> > which I assume is a realatively bulky and thickwalled casting. I
> > could be that enlarging the gates, is going to compound his
> > He didin't mention if his casting was cast concave side up - or
> > which is certainly going to affect his gating and there's no rle
> > that's going to cover all cases.
> > The guy's real problem (without actually seeing a photo) is
> > a combination of sprue, risor, and gating size as well as their
> > locations. I would really like to see a photo of what the guys is
> > talking about.
> > I'm not trying to prove you don't know what your talking aobut
> > would like to point out that there's some things you bring up
> > aren't right either.
> > I invite anyone who is pouring lathe beds to come to my shop in
> > Northern MN and we can pour some aluminum together and maybe
> > something. That's what's so neat about this hobby. You can't
> > everything from a book. I am a college educated engineer and
> > %95 of the stuff I do comes from doing - not reading. And there's
> > lots of books and websites with some dubious explanations.
> > LL
> > PS don't be too offended by me, just certain things set me off.
> > I'm still learning too after 5 different homemade crucible
> > 3 commercial furnaces and about 30 years on and off doing foundry
> > stuff (30 molding and last 15 has been melting and pattern) and
> > nowhere near an expert.
> > --- In email@example.com, "Dave" <odd_kins@> wrote:
> > >
> > > This quote is from page 3
> > >
> > > "In general, the entire path of molten metal, within the gating
> > > system as well as the mould
> > > cavity, is turbulent in most castings. This can be readily
> > > ascertained by calculating the
> > > value of Reynolds number for a typical casting. A major purpose
> > > the gating system
> > > (instead of pouring metal directly into the mould cavity) is to
> > > reduce the turbulence,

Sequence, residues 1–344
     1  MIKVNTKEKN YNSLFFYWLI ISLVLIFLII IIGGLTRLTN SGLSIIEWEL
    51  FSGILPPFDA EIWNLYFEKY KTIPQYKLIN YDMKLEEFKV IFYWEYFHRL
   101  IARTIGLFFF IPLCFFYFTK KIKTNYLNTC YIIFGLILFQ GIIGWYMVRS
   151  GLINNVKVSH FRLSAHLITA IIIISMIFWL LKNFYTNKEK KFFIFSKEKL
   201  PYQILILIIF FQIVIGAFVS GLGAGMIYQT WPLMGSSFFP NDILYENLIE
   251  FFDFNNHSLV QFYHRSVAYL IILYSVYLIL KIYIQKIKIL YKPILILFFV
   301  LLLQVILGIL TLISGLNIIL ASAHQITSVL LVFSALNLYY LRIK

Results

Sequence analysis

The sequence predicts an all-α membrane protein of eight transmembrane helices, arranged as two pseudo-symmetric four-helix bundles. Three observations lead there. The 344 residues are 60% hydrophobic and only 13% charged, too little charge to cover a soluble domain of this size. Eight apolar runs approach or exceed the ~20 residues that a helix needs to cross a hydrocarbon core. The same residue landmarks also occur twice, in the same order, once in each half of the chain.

> > > though it cannot be completely eliminated."
> > >
> > > The closest thing I said may have been gating into a riser
> > > than the casting. by that I mean you still use a gating system,
> > same
> > > ratios apply but you can eliminate some of the cleanup on the
> > > casting by doing so. I did not mean that you pour down the
> > > which by the way I have done because the amount of metal I can
> > > is limited, and it does give you a crappy casting. but they
> > for
> > > my flasks and they work. When I get setup for a #10 crusible I
> > won't
> > > have that problem.
> > > Instead of trying to prove that I don't know what I'm talking
> > > why don't you go to the shop and try the ratios giving by me
> > > others on your next casting and see if it works;-)
> > >
> > > --- In firstname.lastname@example.org, "Lyle" <creepinogie@> wrote:
> > > >
> > > > I was talking about gating directly into the mold cavity not
> > > > ratios. I think you were the one that said that. Right?
> > > > maybe I'm wrong but someone here said that a day or so ago.
> > > > LL
> > >
- Ok you can turn your monitor the right way up now. Didn't even think
about rhe angle the pictures were at.
--- In email@example.com, "joe" <jalign@...> wrote:
> Nice pictures Dave that gives me a better idea of what the risers
> I noticed the pictures are sideways, I downloaded a different
> programfor my computer to rotate the pictures before I post them,
> I don't have to tip my monitor on it's side to look at them. (grin)
> Joe in PDX
> --- In firstname.lastname@example.org, "Dave" <odd_kins@> wrote:
> > Joe I'm adding some pictures to my album that might help. I had
> > double role the mold as the cope would drop out when pulling the
> > cope flask off. This casting is 8"X4"X2.5" so about the same as
> > of your pockets. I poured the mold cold, with 6061alloy, but the
> > gating system is not what I wanted. Tried to force the pattern
> > gating into too small of a flask, the gate was only 5/8 away
> > the pattern and it broke.